Secondly, AI algorithms enable laboratories to push the boundaries of their diagnostic practice by granting variant scientists more time to focus on complex cases. Although variant scientists supported by AI-driven interpretation can solve rare disease cases quicker, a number of patients may not show a clear causative variant.

These complex cases are often characterized by having many variants of uncertain significance (VUS). In-depth investigations into these VUS are performed using functional screens or additional familial sequencing, which may provide sufficient evidence for reclassification. By prioritizing these VUS with a pathogenicity score, AI tools add nuance to the VUS category and indicate the most valuable variants for in-depth investigations, allowing genetics departments to make the best use of resources. The better trained and more sophisticated the algorithm, the better these rankings will be, enabling variant scientists to make even more diagnoses in the future – supported by AI.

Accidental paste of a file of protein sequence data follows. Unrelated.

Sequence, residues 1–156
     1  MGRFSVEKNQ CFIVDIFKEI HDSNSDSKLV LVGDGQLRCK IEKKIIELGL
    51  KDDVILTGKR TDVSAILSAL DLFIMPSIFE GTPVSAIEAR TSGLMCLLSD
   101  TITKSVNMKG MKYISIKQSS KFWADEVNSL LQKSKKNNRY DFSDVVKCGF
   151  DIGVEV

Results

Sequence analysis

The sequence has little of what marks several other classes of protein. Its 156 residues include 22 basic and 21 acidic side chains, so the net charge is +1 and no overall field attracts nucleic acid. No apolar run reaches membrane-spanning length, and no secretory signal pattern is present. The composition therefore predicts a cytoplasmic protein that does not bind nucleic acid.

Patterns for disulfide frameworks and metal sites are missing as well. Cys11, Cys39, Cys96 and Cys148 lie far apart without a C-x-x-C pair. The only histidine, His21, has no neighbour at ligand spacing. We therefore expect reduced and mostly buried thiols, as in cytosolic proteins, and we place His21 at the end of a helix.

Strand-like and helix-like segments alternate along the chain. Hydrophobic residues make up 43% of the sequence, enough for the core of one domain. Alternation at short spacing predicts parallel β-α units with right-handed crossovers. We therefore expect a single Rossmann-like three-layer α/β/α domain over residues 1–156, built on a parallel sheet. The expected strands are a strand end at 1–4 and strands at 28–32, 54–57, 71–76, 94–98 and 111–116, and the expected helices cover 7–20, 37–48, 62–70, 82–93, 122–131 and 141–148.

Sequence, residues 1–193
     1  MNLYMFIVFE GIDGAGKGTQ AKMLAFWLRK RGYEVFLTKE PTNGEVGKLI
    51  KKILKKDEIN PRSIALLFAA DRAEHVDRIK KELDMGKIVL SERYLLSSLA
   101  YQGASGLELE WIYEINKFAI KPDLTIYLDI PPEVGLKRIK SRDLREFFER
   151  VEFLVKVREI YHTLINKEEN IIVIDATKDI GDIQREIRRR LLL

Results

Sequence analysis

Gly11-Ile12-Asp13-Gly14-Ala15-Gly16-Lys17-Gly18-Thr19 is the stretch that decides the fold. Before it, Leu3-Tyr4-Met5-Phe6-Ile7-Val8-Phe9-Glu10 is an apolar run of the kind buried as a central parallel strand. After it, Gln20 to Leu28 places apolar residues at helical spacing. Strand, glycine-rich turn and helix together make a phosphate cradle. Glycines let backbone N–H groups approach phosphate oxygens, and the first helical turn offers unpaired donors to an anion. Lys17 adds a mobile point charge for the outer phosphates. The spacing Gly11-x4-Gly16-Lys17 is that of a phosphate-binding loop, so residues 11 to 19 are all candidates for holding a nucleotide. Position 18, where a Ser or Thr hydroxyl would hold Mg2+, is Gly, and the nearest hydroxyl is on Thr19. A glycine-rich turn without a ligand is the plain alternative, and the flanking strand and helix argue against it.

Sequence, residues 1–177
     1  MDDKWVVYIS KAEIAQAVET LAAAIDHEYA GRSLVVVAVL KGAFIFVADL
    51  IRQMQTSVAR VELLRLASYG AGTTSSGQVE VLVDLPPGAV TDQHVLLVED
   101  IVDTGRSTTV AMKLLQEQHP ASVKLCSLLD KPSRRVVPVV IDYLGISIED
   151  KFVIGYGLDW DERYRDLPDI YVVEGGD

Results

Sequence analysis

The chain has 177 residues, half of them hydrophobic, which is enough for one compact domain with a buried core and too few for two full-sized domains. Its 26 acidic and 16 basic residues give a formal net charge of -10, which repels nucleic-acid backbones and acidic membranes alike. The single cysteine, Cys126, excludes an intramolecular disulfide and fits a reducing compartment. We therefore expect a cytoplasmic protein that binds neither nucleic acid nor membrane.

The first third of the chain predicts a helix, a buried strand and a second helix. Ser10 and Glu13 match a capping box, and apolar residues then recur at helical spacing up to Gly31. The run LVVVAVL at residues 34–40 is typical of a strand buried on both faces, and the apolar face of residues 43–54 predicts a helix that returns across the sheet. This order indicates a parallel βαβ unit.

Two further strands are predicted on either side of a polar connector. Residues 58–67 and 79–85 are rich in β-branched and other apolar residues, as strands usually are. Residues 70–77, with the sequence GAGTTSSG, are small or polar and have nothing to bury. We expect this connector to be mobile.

• Berger, Bonnie, and Yun William Yu. 2022. “Navigating Bottlenecks and Trade-Offs in Genomic Data Analysis.” Nature Reviews. Genetics, December, 1–16.
  • Kris A. Wetterstrand, M. S. 2019. “The Cost of Sequencing a Human Genome.” NHGRI. March 13, 2019.
  • “Next-Generation Sequencing Services Market Report, 2030.” n.d. Accessed January 9, 2023.
  • “Press Release.” n.d. Accessed January 9, 2023.
  • Richards, S., N. Aziz, S. Bale, D. Bick, S. Das, J. Gastier-Foster, W. W. Grody, et al. 2015. “Standards and Guidelines for the Interpretation of Sequence Variants: A Joint Consensus Recommendation of the American College of Medical Genetics and Genomics and the Association for Molecular Pathology.” Genetics in Medicine: Official Journal of the American College of Medical Genetics 17 (5).
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Dr. Ansgar Lange

Dr. Ansgar Lange, COO at Nostos Genomics, is a commercial health-tech leader with a PhD in health economics. Prior to joining Nostos Genomics in early 2021, he served as COO of a UK startup and helped it grow from 8 to 2000 employees and $100 million in revenue. At Nostos he oversees partnerships and drives business.